Florida Politics

Another county follows Corcoran’s lead, seeks to ban texts during BCC meetings

December 9, 2016

Hillsborough Board of County Commissioners voted to have the county attorney draft an ordinance banning text messages during commission meetings.

Last month, Florida House Speaker Richard Corcoran established new rules for lobbyists. He banned lobbyists from texting members while they are in committees or on House floor. lobbyists who violate the ban would lose their privileges to lobby the rest of the session.

Read Hillsborough Commission to copy Richard Corcoran’s proposal to ban texting by lobbyists?

In November, the Pasco County Commission voted to not renew its contract with its lobbyists when the current agreement expires. Speaker Corcoran has almost denounced the practices of cities and counties hiring lobbyists to push agendas with lawmakers.

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  • CJ Lewis December 9, 2016 at 10:50 am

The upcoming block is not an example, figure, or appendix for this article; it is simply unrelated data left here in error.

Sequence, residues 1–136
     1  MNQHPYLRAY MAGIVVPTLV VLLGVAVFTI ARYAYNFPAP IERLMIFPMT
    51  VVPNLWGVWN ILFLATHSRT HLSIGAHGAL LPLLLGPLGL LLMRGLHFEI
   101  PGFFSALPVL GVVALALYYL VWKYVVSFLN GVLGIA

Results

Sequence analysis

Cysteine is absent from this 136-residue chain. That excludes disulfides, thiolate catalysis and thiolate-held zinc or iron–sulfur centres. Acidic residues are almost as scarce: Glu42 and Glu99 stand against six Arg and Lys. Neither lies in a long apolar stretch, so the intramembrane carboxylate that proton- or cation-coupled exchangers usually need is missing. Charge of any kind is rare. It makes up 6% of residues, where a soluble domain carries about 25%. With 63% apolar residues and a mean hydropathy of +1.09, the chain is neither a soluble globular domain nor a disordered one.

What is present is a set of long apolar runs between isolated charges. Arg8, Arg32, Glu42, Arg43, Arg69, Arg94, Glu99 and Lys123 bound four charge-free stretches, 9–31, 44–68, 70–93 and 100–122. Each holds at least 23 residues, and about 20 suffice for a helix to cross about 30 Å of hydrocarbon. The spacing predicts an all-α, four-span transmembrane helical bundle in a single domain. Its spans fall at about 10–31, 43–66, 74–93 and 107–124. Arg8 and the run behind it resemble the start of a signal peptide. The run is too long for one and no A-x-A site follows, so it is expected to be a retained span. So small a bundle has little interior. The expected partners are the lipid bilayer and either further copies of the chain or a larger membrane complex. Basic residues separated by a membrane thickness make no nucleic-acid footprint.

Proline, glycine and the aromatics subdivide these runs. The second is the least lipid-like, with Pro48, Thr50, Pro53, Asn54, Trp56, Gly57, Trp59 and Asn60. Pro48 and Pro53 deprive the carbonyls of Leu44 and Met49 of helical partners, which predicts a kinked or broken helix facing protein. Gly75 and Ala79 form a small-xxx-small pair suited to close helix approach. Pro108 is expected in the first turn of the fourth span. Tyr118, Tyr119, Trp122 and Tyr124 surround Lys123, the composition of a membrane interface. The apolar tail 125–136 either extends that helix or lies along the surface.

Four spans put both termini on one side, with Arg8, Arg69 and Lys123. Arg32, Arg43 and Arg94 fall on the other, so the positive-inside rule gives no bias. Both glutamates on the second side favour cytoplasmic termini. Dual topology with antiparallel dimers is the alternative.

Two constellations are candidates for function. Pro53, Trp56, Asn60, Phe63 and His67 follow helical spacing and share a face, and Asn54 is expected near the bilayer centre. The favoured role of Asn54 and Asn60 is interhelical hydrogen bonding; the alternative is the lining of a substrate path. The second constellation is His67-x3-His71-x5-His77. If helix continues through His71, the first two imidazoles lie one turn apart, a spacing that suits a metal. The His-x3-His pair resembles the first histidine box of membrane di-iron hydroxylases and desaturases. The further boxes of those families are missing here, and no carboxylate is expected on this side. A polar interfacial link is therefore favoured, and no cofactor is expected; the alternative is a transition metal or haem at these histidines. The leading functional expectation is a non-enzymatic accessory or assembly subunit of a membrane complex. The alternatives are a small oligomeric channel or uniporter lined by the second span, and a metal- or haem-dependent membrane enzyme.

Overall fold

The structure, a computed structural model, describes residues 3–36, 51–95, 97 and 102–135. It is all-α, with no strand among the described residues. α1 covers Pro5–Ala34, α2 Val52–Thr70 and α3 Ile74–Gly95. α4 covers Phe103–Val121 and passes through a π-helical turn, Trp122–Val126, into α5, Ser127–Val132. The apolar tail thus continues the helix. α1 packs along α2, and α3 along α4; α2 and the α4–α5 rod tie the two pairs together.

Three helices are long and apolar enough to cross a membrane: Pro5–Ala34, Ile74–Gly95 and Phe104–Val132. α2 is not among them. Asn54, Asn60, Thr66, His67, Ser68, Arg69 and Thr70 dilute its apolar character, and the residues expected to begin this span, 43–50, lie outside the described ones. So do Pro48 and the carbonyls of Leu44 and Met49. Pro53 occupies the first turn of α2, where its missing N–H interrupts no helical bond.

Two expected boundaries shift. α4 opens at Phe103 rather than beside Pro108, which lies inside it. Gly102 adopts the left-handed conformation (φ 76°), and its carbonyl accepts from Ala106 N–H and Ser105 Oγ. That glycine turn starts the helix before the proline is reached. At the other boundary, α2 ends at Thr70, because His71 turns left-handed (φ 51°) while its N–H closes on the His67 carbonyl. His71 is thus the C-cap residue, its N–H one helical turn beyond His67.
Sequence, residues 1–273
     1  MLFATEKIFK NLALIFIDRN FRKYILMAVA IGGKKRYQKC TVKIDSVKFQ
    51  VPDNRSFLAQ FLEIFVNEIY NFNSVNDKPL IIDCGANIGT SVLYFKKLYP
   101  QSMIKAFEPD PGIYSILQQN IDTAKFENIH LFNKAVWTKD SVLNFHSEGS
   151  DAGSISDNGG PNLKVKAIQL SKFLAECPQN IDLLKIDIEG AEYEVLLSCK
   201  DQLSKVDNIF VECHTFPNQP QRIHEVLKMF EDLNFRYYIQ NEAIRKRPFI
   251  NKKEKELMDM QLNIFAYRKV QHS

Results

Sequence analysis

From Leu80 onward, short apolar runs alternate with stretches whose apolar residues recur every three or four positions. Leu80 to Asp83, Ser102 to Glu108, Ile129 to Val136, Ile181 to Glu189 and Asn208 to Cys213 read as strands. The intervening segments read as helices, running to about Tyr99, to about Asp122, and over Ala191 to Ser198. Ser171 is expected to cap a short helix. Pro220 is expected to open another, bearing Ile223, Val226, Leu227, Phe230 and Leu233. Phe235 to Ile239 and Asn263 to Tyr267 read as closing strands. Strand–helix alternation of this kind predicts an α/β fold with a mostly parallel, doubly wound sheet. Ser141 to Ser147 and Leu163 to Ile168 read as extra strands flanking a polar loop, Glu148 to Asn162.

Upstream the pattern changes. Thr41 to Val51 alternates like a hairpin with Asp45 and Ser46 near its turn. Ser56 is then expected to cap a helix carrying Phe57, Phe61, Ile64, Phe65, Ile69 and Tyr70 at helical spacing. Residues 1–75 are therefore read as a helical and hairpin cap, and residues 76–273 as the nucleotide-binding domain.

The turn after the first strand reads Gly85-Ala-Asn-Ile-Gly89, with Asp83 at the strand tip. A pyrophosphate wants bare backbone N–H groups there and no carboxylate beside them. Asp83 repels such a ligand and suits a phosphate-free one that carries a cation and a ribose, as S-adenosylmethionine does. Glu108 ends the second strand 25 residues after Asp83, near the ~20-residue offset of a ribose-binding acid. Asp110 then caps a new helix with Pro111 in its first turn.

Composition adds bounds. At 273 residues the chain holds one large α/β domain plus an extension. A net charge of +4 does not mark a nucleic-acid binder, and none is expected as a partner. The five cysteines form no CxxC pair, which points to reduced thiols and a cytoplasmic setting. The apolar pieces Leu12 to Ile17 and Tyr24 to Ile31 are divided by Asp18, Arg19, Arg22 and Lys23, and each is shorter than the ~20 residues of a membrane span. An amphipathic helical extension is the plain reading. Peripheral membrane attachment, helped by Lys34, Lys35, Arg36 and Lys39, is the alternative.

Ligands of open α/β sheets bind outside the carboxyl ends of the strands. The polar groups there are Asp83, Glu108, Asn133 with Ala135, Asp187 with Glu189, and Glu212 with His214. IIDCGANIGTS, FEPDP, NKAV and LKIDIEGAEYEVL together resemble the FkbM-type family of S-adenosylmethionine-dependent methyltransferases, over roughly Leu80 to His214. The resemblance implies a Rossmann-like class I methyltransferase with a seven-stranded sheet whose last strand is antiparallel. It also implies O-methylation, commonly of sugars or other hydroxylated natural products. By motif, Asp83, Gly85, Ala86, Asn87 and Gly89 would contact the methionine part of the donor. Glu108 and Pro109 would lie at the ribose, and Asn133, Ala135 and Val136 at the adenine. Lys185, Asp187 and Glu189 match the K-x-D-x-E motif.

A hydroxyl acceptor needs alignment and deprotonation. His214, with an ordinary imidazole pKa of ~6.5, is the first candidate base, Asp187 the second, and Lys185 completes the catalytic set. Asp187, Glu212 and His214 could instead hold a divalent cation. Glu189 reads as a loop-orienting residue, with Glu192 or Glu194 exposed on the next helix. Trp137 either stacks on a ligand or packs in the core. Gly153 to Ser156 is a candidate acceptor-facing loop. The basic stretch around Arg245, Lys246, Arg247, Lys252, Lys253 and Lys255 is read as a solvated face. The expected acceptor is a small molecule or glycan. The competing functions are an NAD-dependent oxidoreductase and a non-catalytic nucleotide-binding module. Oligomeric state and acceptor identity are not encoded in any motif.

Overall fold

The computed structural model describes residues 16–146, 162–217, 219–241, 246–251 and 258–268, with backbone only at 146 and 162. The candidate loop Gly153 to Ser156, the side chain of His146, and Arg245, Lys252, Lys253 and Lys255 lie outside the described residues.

I guess it was back in 2008 when Councilman Sam Hall told me that Jim Reeves “ran the city” to include telling him what to do and how to vote during Council meetings. I took it with a grain of salt until I ran into Reeves a few weeks later at IHMC and he told me the same. I began to pay extra attention during meetings when I could see Reeves send text message on his iPhone and watch Hall look down and read it. They would go back and forth all meeting. Even now, you can see that in addition the public meeting taking place, there is a whole other meeting taking place with elected and appointed officials and staff and citizens sending text messages and e-mails around and about and Council members even discussing aloud their research into issues. When I worked in the Intelligence field, we had to park our devices with the SSO when we entered the SCIF. People actually talked to each other during meeting and stuff got done without constant disruption. As I often say and the Pensacola City Council ignores, the City Council has vast powers. What it could do is adopt an ordinance, resolution or rule providing that any public official (elected or appointed official or city employee or contract employee) engaged in a public meeting could not send or receive electronic communications during the meeting. We all know that Council members send and receive text messages during meetings as does Hayward. I recall once watching Hayward and Olson send text messages back and forth during a meeting with Johnson leaning over to read the ones on Hayward’s device and Bowling reading over Olson’s shoulder.